A Colorado radio DJ testified under oath that he did not grope Taylor Swift at a 2013 meet-and-greet while the pop star's legal team countered his story as the trial began in Denver Tuesday, Buzzfeed reports. Swift accused the DJ, David "Jackson" Mueller, of reaching under her skirt at a backstage photo-op and grabbing her butt.
Swift – who is expected to testify in the coming days – sat in the Denver courtroom Tuesday while Mueller told his side of the story. According to Mueller, Swift offered to take a photograph with him and his girlfriend. He said the pop star put his arm around his girlfriend while they turned towards the photographer and then he moved to join the shot with his arm outstretched, hand closed and palm facing down.
"My hand came into contact with part of her body," Mueller said. "I felt what appeared to be a ribcage or rib."
After Mueller left, Swift reported the alleged groping to her security team, who found Mueller, kicked him out of the venue and informed his managers. The next day, Mueller said he was called into a meeting at the radio station, KYGO, during which two higher-ups accused him of groping Swift. Several days later, he was fired.
During his testimony, Mueller not only denied the accusations, but said his boss, KYGO Program Director Eddie Haskell, was the one who supposedly touched Swift. Mueller said that after he left the VIP room – but before he was ejected from the venue – he ran into Haskell, who allegedly said that he put his hand on Swift's butt. Mueller also claimed that Haskell said he'd been discussing with a friend earlier whether Swift wore bike shorts under her dress. "I thought he was just telling one of his stories," Mueller said.
Swift's attorneys attempted to poke holes in Mueller's credibility throughout the day. They claimed the DJ had changed his story multiple times and also destroyed "every bit of computer evidence" related to his firing from KYGO. Mueller acknowledged that he had recorded his meeting with the KYGO higher-ups the day after the alleged groping, though he said the audio file was destroyed when he accidentally spilled coffee on his laptop. A back-up was lost later when Mueller said his external hard drive "stopped working."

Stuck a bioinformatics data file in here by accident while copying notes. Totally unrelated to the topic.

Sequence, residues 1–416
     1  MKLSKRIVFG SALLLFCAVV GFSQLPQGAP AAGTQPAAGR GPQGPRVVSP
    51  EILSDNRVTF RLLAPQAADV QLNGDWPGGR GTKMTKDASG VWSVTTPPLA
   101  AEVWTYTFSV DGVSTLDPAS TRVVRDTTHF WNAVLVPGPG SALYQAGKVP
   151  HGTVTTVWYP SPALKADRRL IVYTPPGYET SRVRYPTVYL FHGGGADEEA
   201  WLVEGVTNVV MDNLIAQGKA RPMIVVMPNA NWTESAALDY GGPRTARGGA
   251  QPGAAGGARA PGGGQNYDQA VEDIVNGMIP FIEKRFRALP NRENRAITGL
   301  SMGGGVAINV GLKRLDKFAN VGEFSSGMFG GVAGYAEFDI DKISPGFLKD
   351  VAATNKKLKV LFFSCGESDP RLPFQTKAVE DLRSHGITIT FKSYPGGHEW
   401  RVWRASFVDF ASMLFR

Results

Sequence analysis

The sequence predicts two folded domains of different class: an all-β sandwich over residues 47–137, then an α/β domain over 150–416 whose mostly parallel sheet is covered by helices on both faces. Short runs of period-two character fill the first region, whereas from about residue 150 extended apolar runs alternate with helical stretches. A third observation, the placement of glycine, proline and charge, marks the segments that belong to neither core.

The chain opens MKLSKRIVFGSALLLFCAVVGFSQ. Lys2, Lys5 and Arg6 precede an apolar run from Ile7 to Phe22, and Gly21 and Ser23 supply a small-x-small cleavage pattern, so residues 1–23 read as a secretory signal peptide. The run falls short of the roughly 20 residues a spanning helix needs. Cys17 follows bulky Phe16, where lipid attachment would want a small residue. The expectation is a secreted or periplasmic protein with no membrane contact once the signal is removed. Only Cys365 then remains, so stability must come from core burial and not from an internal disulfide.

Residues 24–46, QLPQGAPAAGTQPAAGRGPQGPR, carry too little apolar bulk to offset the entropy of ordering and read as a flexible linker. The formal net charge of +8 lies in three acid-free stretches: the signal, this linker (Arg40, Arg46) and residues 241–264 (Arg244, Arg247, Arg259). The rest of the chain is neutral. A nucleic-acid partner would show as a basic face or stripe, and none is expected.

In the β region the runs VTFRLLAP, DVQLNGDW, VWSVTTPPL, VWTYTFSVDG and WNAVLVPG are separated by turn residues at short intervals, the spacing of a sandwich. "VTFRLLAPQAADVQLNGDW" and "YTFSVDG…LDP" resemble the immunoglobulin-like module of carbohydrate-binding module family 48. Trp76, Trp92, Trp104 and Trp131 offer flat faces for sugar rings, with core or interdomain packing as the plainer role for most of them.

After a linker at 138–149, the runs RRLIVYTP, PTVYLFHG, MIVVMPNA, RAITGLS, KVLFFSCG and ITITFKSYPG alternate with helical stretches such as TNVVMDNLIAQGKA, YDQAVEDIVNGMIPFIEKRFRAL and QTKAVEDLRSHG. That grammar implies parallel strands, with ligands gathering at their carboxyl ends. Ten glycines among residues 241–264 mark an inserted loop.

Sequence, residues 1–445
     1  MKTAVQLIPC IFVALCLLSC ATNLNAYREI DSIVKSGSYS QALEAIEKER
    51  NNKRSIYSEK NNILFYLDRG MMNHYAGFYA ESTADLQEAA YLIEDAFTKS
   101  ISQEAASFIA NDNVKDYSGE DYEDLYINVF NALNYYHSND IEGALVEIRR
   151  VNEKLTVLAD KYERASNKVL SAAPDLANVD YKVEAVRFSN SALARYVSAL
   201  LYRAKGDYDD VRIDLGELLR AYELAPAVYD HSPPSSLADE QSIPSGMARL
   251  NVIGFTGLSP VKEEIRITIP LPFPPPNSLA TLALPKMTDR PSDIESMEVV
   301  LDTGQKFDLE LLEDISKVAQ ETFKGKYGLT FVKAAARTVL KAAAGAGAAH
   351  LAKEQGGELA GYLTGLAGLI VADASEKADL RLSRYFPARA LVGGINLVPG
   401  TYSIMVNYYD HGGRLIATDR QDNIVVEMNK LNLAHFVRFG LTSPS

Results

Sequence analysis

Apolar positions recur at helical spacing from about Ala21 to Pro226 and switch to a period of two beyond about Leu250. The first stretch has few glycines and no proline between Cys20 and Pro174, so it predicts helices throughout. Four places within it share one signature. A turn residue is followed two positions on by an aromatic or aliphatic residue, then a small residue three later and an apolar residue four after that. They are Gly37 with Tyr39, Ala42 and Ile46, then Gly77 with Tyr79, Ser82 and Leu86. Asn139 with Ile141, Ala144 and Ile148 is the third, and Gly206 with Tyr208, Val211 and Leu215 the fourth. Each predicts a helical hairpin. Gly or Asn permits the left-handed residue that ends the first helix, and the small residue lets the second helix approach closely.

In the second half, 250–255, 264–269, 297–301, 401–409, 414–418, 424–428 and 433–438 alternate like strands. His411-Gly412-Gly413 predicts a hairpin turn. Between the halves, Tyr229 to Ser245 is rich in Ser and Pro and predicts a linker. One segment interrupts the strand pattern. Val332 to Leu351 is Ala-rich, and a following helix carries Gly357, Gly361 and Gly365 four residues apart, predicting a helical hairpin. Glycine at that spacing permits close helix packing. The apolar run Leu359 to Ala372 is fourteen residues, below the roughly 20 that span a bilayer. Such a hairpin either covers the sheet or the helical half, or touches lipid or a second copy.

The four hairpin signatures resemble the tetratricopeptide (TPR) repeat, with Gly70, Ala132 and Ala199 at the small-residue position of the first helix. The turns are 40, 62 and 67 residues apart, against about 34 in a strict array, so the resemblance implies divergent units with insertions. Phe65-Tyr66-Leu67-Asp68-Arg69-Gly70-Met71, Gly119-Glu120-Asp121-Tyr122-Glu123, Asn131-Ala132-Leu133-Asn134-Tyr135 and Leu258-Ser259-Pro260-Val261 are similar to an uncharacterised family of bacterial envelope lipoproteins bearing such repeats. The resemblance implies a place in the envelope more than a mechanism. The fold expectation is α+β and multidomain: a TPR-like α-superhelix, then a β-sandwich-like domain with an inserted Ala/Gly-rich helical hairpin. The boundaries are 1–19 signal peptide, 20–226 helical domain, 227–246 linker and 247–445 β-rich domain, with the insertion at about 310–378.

"He destroyed the evidence," Swift's attorney, Douglas Baldridge, said. "The alibi that the other guy [Haskell] did it didn't come up till two years later."
During opening statements, both Swift and Mueller's legal team discussed the primary piece of physical evidence in the trial: A photograph of the photo-op obtained by TMZ and sealed by the court. In the picture, Mueller stands next to Swift with his hand behind her and below her waist.
Swift's attorneys said the photo was "damning" proof, but Mueller's lawyer, Gabriel McFarland, argued the photo showed that Mueller's hand wasn't underneath the pop star's skirt and that her skirt wasn't "rumpled in any fashion."
McFarland also accused Swift of making a false accusation against Mueller, telling the court, "I don't know what kind of person would do that. There were 10 people in the room and not one of them said they saw anything."
Swift's attorney, Baldridge, countered, asking, "What possible motivation would Taylor Swift have to make up a story?" Swift has said she hopes the case will serve "as an example to other women who may resist publicly reliving similar outrageous and humiliating acts."
"What is at stake is, will this man be able to stifle a young woman's ability to report a sexual assault?" Baldridge said at trial. "If this person cannot stand up and serve as an example to other young women who have been sexually assaulted, then who can?"